There is currently only one known species of Tarantula in Missouri. This tarantula is mainly located in the southern and central parts of the state.
The Missouri River acts as a barrier, so these spiders aren’t found in the Northern parts of the state. Tarantulas are usually very docile and make fantastic pets for beginners.
Tarantulas are very shy and tend to make their homes in places with very few humans. They can be found in grasslands and dry areas with well-drained soil.
Tarantulas live in burrows under logs and rocks and other natural crevices. You can usually identify these burrows by webbing over the coin-sized entrance. These spiders spend most of their life in their dens to avoid predators like birds, skunks, lizards, coyotes, and foxes. In the summer and fall, you might find these creatures walking along the roadside.
If you find yourself in suitable habitats like dry desert-like areas during summer or fall, you may stumble across a tarantula. These spiders are fun to hold and observe but always be gentle and make sure not to take them from their home.
Table of Contents
Tarantulas In Missouri
1. Texas Brown Tarantula
- Experience Level: Beginner
- Family: Theraphosidae
- Scientific Name: Aphonopelma hentzi
- Other Names: Missouri tarantula, Oklahoma tarantula
- Adult Size: 1.5 to 2 inches
- Lifespan: Females: 20 to 40 years/Males: 5 to 10 years
- Average Price Range: $25 to $50
The Texas Brown tarantula is the only known species of tarantula found in Missouri, and it’s the largest spider found in the state. This species is located in the following counties in Missouri; Greene, Henry, Hickory, Newton, Ozark, Phelps, Ripley, St. Francois, and Taney.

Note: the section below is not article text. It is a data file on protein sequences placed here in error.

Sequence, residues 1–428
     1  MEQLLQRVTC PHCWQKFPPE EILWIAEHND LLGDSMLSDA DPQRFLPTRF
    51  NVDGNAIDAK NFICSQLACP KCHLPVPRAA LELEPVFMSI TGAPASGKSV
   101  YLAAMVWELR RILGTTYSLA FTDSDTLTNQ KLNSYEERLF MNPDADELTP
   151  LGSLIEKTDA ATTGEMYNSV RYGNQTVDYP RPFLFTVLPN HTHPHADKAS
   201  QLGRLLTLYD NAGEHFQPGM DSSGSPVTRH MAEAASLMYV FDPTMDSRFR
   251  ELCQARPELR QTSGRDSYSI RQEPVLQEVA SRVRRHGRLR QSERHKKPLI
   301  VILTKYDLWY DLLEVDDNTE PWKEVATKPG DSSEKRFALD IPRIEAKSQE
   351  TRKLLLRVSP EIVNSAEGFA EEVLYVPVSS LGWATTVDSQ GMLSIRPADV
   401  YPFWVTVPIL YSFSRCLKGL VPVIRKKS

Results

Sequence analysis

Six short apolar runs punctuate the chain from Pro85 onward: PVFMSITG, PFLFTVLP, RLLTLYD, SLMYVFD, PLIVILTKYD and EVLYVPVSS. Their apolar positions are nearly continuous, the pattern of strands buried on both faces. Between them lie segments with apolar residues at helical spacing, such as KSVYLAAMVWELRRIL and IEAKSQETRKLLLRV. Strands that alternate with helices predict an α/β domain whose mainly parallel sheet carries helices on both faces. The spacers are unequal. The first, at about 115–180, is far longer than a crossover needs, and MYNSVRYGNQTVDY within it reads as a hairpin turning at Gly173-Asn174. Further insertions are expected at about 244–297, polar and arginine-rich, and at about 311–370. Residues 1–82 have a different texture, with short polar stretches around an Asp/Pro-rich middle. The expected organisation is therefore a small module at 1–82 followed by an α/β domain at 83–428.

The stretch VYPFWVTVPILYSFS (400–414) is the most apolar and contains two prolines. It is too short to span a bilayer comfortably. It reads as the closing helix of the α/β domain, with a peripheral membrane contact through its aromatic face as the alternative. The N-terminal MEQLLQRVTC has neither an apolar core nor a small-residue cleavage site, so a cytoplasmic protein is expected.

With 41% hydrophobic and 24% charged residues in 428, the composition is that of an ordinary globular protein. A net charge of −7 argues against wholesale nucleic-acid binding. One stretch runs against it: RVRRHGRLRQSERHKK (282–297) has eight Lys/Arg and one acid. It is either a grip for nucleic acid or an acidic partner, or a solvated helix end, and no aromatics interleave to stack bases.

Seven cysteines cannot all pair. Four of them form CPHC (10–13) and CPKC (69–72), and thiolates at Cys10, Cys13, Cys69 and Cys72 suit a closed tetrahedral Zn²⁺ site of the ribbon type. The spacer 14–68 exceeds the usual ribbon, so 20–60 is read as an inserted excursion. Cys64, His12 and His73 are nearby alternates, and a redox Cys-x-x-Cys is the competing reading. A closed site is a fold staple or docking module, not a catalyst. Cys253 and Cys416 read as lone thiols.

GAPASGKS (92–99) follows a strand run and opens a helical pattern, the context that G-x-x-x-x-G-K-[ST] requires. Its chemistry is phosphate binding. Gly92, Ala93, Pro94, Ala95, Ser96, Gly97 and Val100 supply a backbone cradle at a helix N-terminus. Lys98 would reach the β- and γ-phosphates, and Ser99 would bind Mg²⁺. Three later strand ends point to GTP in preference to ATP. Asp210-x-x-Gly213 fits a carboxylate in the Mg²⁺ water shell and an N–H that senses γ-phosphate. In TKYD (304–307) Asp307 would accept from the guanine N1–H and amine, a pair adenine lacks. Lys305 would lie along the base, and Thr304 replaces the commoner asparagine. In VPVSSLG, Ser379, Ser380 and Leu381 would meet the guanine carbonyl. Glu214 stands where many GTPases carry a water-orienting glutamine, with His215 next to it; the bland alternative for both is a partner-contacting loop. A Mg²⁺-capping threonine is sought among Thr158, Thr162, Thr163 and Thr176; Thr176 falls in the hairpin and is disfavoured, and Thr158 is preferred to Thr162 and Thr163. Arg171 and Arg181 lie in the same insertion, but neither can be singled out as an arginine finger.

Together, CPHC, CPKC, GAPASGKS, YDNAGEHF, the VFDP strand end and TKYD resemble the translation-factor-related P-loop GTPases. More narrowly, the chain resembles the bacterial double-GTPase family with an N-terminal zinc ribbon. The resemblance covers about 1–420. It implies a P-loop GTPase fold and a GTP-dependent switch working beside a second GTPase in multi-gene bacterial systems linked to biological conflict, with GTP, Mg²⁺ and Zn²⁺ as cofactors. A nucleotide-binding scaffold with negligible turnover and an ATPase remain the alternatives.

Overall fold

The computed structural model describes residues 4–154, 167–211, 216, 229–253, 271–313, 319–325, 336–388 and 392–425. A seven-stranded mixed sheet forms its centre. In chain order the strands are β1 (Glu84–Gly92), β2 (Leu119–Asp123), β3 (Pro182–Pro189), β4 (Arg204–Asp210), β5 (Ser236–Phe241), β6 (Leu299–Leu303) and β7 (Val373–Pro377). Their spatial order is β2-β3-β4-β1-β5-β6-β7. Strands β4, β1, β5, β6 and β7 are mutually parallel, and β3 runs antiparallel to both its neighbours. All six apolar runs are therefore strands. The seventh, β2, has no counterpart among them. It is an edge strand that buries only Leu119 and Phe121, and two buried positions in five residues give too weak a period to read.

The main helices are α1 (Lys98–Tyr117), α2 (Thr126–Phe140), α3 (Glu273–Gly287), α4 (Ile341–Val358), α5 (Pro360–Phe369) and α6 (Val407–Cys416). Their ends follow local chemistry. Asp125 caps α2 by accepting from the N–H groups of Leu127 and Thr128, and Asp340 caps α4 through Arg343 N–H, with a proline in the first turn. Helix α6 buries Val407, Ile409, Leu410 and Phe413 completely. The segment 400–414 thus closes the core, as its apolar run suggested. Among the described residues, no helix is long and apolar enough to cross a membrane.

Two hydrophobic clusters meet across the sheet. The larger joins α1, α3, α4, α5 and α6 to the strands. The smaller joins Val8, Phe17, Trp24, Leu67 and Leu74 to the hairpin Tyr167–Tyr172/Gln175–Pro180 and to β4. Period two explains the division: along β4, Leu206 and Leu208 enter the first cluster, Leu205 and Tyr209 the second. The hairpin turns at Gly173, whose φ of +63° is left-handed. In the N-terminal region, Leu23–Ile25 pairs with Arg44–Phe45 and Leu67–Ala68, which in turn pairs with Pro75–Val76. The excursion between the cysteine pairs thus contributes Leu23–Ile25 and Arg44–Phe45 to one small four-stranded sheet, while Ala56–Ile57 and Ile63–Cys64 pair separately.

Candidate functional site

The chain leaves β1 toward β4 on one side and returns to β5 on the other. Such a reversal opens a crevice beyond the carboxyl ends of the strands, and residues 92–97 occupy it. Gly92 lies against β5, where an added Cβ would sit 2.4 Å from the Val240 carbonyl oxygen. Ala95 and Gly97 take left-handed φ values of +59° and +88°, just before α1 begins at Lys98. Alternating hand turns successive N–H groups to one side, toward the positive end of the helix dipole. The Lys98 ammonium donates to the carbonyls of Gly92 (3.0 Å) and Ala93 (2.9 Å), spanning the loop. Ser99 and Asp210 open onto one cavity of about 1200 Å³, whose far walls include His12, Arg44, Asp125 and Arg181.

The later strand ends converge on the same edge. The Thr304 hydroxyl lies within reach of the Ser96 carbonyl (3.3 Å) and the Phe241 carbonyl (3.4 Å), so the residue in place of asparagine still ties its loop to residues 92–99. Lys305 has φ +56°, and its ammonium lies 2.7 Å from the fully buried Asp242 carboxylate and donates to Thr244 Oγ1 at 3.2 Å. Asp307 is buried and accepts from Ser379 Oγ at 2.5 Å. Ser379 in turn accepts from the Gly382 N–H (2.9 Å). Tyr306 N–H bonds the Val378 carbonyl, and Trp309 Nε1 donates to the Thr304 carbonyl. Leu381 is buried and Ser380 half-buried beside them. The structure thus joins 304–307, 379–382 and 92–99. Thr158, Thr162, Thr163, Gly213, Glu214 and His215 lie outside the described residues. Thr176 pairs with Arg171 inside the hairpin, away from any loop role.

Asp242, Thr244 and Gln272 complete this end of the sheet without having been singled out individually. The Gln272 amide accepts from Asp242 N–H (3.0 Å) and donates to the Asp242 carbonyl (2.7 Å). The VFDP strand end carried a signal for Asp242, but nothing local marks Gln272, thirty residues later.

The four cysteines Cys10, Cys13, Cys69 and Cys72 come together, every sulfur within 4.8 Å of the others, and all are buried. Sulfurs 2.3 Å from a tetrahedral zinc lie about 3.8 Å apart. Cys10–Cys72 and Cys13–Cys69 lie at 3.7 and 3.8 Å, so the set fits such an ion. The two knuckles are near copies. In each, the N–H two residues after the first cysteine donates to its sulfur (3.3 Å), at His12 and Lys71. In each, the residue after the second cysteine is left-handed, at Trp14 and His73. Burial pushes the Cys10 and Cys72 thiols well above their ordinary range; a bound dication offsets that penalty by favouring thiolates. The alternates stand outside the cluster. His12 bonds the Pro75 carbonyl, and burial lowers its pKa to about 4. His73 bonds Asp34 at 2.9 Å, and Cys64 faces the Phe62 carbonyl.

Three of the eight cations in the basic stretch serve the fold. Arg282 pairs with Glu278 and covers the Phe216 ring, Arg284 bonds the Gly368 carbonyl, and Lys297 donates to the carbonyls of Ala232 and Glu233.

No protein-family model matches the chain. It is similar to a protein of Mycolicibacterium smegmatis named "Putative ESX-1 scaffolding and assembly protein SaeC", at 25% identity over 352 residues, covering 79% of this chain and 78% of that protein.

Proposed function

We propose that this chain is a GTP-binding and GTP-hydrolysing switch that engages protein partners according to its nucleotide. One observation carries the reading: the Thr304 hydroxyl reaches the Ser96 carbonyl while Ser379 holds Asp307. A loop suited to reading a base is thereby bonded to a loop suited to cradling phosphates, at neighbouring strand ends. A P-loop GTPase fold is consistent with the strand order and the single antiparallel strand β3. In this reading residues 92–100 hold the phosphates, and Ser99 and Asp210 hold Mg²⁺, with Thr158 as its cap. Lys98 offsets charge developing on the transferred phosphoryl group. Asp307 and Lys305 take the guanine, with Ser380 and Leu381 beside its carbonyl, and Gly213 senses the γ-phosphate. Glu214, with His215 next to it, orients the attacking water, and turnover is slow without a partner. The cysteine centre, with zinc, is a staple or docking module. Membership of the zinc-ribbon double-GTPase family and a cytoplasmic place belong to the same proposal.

These spiders are commonly found in south and central Missouri, living in various habitats such as dry, rocky meadows, river valleys, forests, and grasslands. You can find these tarantulas in silk-lined burrows in abandoned rodent dens and other natural crevices.
Texas Brown tarantulas typically have a brown abdomen, black or dark brown legs, and a light brown or pale tan head. These spiders’ bodies grow up to two inches in length, and their leg span can be upwards of four inches.
They are the biggest spider in Missouri, so they are easily identifiable. This species is covered in tiny brown hairs with long red/orange hairs on its abdomen. The females are lighter and tend to grow bigger than the males.
These tarantulas are nocturnal hunters and survive off a diet of tiny insects like beetles, grasshoppers, and cockroaches. Unlike other spiders, tarantulas don’t use webs to catch the food they hunt on the ground.
When they capture their prey, they inject them with venom that helps liquefy it and make it easier to digest. Tarantulas’ venom is not harmful to humans, and their bites resemble a beesting. This species’ mating season has been observed to vary between summer and fall depending on location.
Are Tarantulas In Missouri Dangerous?
Tarantulas are very docile and non-aggressive. It’s rare to get bitten by a tarantula, but in the off chance that someone does, the bite itself may be slightly painful due to the large size of their fangs, but their venom is not harmful to humans.
If a tarantula feels threatened, they have tiny hairs on their belly that kick at the potential threat. These hairs can cause itching or a rash and, in rare cases, an allergic reaction.
Are Tarantulas In Missouri Endangered?
The one species found in the state is not currently considered endangered. They are widespread though some habitats may be at risk of habitat destruction by humans.
If you find a tarantula in the wild, it’s best to leave it where you found it to help keep the local population thriving.
Though there is only one known tarantula species in Missouri, and they are prevalent throughout most of the state. Tarantulas are important predators that help control the populations of creatures they consume. These spiders are helpful on farmlands because agricultural pests are a part of their diet.
The species of tarantula found in Missouri are non-aggressive but are very shy and tend to avoid humans as much as possible. It’s rare to be bitten by a tarantula, but they have tiny nettle-like hairs on their belly that they use as a defense mechanism when they feel threatened.
These hairs can cause itching and rash, and in rare cases, they can cause severe allergic reactions.
More states with tarantulas
- Tarantulas in Arizona
- Tarantulas in California
- Tarantulas in Colorado
- Tarantulas in Florida
- Tarantulas in New Mexico
- Tarantulas in Oklahoma
- Tarantulas in Texas
- Tarantulas in Utah